March 17, 2008 / 12:20 AM / 10 years ago

Strong economy shields Canada as U.S. sags: Carney

TORONTO (Reuters) - Canada’s strong economy will help shield it from a U.S. slowdown that looks like being more prolonged than originally expected, the head of the Bank of Canada said in an interview broadcast on Saturday.

Speaking on CBC Television, Bank of Canada Governor Mark Carney declined to say if he thought the United States was already in a recession. But he predicted recovery would be slow, and said that expectation had helped prompt a half-point Canadian interest rate cut earlier this month.

“The important thing for us is not whether at this precise moment in time growth is slightly positive, zero or slightly negative in the United States,” he said in an interview conducted earlier this week.

He added: “We do not see a sharp snapback in U.S. growth in 2009, and that necessitates a reaction and is put in our list of considerations to decide monetary policy.”

The United States is Canada’s biggest trading partner by far, so economic problems south of the border almost always have an impact on Canadian firms.

But Carney said Canadian fundamentals remained strong, with a strong labor market, healthy corporate and household balance sheets and well-capitalized banks.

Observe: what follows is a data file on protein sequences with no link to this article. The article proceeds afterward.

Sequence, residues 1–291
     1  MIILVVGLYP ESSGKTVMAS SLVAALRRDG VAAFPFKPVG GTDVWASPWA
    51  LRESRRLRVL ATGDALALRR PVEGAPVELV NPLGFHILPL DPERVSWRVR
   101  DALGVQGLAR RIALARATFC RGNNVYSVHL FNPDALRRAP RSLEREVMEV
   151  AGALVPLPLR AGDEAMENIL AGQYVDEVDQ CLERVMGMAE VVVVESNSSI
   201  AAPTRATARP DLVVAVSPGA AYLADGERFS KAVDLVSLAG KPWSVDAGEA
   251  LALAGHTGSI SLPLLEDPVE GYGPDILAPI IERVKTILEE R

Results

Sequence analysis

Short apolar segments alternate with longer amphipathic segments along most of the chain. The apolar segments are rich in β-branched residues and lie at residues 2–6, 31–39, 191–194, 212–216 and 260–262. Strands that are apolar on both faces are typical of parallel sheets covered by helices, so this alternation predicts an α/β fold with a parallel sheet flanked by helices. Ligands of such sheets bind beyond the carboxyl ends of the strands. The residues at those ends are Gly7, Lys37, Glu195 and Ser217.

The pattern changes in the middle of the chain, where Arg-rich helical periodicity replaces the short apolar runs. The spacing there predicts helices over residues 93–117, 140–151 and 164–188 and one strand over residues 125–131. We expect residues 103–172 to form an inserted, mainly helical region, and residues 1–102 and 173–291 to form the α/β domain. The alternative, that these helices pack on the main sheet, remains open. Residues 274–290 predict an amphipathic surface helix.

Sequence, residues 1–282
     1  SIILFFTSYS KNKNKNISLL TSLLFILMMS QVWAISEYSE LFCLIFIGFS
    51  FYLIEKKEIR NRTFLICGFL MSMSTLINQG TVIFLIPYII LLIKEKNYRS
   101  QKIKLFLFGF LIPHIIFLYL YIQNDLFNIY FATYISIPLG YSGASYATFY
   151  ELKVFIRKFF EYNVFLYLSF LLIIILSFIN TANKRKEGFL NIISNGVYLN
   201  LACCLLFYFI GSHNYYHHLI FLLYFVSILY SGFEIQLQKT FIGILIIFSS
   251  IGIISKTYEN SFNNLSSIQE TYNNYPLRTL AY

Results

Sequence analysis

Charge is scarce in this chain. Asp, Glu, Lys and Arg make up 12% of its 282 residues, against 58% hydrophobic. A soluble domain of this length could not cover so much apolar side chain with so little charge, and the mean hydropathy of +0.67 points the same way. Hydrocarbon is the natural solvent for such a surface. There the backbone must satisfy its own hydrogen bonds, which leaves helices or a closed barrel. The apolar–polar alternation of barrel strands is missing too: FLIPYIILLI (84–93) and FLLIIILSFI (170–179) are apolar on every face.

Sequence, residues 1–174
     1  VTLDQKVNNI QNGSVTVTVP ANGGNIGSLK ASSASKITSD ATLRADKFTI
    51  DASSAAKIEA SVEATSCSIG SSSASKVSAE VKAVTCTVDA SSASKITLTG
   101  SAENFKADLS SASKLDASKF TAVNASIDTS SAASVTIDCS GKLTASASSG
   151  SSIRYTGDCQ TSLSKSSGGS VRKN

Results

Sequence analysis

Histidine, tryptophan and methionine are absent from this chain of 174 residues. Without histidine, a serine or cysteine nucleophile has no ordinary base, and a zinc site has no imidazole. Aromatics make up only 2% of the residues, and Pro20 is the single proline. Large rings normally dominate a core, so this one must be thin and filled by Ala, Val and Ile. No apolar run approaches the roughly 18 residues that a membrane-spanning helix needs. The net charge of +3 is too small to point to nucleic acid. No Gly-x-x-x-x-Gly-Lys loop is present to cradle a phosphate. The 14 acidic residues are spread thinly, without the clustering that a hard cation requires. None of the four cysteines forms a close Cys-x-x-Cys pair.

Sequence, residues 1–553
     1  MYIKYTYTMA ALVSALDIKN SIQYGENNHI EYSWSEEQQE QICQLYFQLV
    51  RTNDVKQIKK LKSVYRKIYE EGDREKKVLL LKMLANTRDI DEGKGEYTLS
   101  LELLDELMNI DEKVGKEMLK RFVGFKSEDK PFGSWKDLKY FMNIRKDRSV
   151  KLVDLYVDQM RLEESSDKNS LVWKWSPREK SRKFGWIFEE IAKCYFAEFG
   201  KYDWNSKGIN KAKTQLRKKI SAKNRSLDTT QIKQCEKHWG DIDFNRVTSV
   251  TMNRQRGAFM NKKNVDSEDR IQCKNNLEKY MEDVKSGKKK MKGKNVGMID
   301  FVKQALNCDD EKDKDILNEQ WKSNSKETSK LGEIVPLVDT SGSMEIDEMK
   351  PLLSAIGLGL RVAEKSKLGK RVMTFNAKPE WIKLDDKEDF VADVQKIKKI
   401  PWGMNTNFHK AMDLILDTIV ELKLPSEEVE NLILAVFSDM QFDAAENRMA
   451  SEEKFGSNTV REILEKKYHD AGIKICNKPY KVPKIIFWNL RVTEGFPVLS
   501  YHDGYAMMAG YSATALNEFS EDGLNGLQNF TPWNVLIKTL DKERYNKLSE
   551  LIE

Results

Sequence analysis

He said problems in the U.S. financial sector had reduced the world’s appetite for risk, and would influence the cost of borrowing in Canada. But Canada did not share the social and economic factors that had made the U.S. subprime mortgage crisis so painful.

“We have a number of fundamentals strengths in our economy which are going to lessen the spillover from the United States,” he said.

Carney, who took over at the Bank of Canada six weeks ago, is charged with trying to keep inflation at the central bank’s 2 percent target. He questioned whether that was low enough, but said the bank should be wary of “meddling with success.”

“The clear objective for monetary policy is 2 percent consumer price inflation and that is how success or failure is measured,” he said.

“All our analysis and our economic experience has indicated that keeping inflation low, stable and predictable has been the best contribution of monetary policy to the economic and financial welfare of Canadians... We change that at our peril.”

Editing by Alan Elsner

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